I’ve always thought that you had to be a little crazy to be a great actor and Klaus Kinski was more than a little crazy. If you don’t believe me read his purple prose autobiography Kinski Uncut which was also published under the title All I Need is Love in 1988. Or watch Werner Herzog’s 1999 film biography Mein liebster Feind (My Best Fiend-Klaus Kinski) about the German director’s volatile relationship with the actor. Better yet, try to get your hands on Paganini (aka Kinski Paganini), the actor’s only directorial effort and his final film, which was released in 1989. For those with all-region DVD players, you can still find PAL copies of it on Amazon’s German web site in a double disc release from SPV Recordings. If you thought Ken Russell’s film biographies of Tchaikovsky (The Music Lovers, 1970) and Liszt (Lisztomania, 1975) were excessively over-the-top and in flamboyant bad taste, you ain’t seen nothin’ yet! Paganini also features supporting roles for French actor Bernard Blier (Les Miserables, 1958), Dalilia Di Lazzaro (Andy Warhol’s Frankenstein, 1973), Eva Grimaldi (Joe D’amoto’s Convent of Sinners, 1986), Marcel Marceau as – big surprise – a pantomine artist and Kinski’s wife Debora Capriolglio in her first lead role.
The New German Cinema of the late sixties-early seventies introduced the world to some of the most original and provocative filmmakers of the 20th century such as Rainer Werner Fassbinder, Wim Wenders, Werner Herzog and Volker Schlondorff, but some of pioneers never attracted much attention outside their own country and their films are in danger of being forgotten. Among them are Helma Sanders-Brahms, Peter Lilienthal, Hans W. Geissendorfer and Thomas Schamoni, who is probably the most obscure of them all. Schamoni worked for most of his career in television, turning out documentaries and made-for-TV movies, but in 1970 he directed his only feature film, A Big Grey-Blue Bird (German title: Ein grober graublauer Vogel). A lo-fi mashup of sci-fi and spy genre elements reminiscent of Jean-Luc Godard’s Alphaville (1965), it is a playful and surprisingly entertaining cinematic “experiment” that should have found a wider audience.Continue reading
Films about animals or featuring them as the main protagonists are usually the province of Walt Disney and other family friendly productions such as Benji (1974) and March of the Penguins (2005). Other than the horror genre, though, there have been relatively few departures from the usual formulaic approach to this type of movie with Jerome Bolvin’s dark satire Baxter (1989) and the ethnographic Story of the Weeping Camel (2003) being two of the rare exceptions. Yet nothing can really compare with Au Hasard Balthazar (1966), directed by French filmmaker Robert Bresson, which stands alone as a profound and singular achievement in this category. Continue reading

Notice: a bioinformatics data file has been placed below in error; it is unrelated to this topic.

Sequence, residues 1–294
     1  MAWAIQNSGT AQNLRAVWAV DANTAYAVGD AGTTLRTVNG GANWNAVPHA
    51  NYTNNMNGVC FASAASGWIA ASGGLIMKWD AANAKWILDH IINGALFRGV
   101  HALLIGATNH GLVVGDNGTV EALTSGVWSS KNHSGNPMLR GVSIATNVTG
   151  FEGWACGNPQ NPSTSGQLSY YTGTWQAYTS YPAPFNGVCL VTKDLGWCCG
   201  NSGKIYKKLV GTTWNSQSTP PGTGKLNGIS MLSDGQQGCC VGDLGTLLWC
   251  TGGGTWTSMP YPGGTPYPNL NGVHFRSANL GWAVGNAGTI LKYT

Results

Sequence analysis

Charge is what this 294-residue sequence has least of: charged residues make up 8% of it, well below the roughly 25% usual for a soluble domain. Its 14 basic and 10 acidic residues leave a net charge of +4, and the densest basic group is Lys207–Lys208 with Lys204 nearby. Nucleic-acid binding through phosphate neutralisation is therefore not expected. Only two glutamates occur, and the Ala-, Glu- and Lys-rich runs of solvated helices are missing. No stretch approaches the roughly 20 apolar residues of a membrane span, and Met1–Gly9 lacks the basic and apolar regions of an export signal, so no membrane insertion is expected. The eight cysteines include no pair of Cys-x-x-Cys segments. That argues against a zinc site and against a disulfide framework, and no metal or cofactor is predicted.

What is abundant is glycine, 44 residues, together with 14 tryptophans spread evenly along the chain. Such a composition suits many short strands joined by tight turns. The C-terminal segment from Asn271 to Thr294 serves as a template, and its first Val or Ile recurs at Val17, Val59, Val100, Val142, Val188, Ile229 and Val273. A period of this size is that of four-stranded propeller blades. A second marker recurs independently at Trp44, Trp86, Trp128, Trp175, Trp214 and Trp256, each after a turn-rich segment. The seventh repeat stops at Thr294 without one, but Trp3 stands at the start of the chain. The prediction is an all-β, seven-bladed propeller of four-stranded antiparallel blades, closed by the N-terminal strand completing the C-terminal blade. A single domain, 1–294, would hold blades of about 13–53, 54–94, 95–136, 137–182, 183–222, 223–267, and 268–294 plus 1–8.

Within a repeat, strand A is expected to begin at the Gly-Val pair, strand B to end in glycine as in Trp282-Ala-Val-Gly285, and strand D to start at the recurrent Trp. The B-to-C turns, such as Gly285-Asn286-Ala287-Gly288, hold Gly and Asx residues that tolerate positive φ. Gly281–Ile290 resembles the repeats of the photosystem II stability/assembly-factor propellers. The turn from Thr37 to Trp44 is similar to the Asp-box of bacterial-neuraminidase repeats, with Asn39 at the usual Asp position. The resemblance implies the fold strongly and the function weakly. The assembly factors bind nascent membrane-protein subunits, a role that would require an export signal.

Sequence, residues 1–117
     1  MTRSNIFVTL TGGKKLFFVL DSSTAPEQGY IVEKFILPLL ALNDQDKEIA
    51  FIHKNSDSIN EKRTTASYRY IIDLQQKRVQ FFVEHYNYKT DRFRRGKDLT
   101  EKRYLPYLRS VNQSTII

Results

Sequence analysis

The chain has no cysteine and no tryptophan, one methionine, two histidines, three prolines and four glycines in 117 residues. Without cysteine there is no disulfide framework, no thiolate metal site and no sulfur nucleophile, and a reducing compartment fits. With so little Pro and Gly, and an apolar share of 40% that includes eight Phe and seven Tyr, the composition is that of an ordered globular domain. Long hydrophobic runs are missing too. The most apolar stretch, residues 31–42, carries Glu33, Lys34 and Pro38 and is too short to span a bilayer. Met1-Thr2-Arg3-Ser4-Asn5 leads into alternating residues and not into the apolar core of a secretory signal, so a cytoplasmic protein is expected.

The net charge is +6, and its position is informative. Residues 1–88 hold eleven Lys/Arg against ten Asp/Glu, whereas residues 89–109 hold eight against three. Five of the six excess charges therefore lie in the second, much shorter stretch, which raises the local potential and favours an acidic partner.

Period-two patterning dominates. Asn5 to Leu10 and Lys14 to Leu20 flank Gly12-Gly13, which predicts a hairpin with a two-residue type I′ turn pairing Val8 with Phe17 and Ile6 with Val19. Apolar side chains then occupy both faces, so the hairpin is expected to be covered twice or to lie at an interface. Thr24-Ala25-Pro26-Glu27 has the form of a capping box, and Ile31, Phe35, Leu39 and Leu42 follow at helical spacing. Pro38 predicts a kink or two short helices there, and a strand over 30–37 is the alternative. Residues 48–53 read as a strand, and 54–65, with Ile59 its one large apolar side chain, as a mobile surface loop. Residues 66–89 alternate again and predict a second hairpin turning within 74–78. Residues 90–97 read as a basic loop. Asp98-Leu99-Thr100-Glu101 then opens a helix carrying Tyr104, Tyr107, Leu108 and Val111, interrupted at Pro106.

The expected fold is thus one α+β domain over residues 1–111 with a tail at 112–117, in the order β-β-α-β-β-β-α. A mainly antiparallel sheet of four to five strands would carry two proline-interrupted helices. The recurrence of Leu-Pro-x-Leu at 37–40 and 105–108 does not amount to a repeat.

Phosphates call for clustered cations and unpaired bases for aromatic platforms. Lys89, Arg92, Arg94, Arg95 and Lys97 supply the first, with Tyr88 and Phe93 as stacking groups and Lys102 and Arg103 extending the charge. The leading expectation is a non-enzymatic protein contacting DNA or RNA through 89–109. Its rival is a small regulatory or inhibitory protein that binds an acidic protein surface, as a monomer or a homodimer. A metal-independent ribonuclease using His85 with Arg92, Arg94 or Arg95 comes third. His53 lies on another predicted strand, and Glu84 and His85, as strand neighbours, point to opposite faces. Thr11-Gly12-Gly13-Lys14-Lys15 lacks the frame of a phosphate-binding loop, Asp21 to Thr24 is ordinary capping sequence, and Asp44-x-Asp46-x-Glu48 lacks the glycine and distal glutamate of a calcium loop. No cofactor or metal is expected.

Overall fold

The story goes like this. German director Werner Herzog made a bet with aspiring filmmaker Errol Morris that if the latter ever completed the film he was working on – which was inspired by a news story about the mass relocation of the graves from a California pet cemetery – he would eat his shoe. Morris did indeed complete his film, which was called Gates of Heaven (1978) and, true to his word, Herzog boiled and ate his show at the film’s premiere in Berkeley. Filmmaker Les Blank recorded the event and turned it into a documentary short entitled Werner Herzog Eats His Shoe in 1980. Continue reading
When did Klaus Kinski first burst upon the international film world? The evidence points to his portrayal of the obsessive Spanish expedition leader Don Lope de Aguirre in Werner Herzog’s Aguirre, Wrath of God in 1973. He followed that with other critically praised performances in Andrzej Zulawski’s The Most Important Thing: Love (1975), Herzog’s Nosferatu the Vampyre (1979), Woyzeck (1979) and Fitzcarraldo (1982) and even appeared in mainstream commercial fare like Billy Wilder’s Buddy, Buddy (1981) and George Roy Hill’s The Little Drummer Girl (1984). But most of Kinski’s early work from 1955’s Morituri (in an uncredited bit part) up to the ‘70s were supporting roles; some were breakout parts such as 1955’s costume drama Ludwig II: Glanz und Ende wines Konigs (he was nominated for best supporting actor in the German Film Awards) or superior genre efforts like Sergio Corbucci’s spaghetti western The Great Silence (1968). Still, leading roles were a rarity for Kinski but one of the early exceptions was Der Rote Rausch (1962), directed by Wolfgang Schleif. Continue reading
The prolific independent filmmaker Les Blank died on April 7, 2013 but somehow that sad news slipped past me. I’m just now reading a host of glowing eulogies and tributes to the man, mostly from fellow filmmakers and critics. He wasn’t ever a household name because his movies rarely received theatrical distribution outside of a few major cities. Unless you happened to catch one on your local PBS station or attended a film festival, which is where most of his work first premiered, there’s a good chance you never even heard of Les Blank. Even though he made more than 40 non-fiction features and shorts, the only Les Blank film you can view on Netflix is Burden of Dreams (1982), his justly famous chronicle of the trouble plagued production of Werner Herzog’s Fitzcarraldo, filmed on location in the Amazon. Continue reading